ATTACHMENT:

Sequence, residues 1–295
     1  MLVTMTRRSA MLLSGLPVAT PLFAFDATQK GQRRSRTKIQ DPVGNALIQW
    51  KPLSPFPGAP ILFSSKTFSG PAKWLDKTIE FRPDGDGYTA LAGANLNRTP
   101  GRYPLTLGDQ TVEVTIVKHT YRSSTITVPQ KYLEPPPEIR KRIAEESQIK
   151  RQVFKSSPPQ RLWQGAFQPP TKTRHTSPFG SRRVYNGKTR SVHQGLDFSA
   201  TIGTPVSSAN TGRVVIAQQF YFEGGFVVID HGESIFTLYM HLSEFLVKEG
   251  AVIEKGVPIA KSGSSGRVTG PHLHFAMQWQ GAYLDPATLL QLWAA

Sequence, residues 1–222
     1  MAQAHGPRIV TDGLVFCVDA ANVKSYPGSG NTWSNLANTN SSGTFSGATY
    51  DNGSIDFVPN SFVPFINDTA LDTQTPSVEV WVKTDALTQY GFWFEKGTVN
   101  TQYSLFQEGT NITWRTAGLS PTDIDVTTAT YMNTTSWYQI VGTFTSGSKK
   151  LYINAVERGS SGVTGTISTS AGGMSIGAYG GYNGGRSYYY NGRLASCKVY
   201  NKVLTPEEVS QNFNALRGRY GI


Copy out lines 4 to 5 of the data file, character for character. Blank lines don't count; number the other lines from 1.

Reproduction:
   101  GRYPLTLGDQ TVEVTIVKHT YRSSTITVPQ KYLEPPPEIR KRIAEESQIK
   151  RQVFKSSPPQ RLWQGAFQPP TKTRHTSPFG SRRVYNGKTR SVHQGLDFSA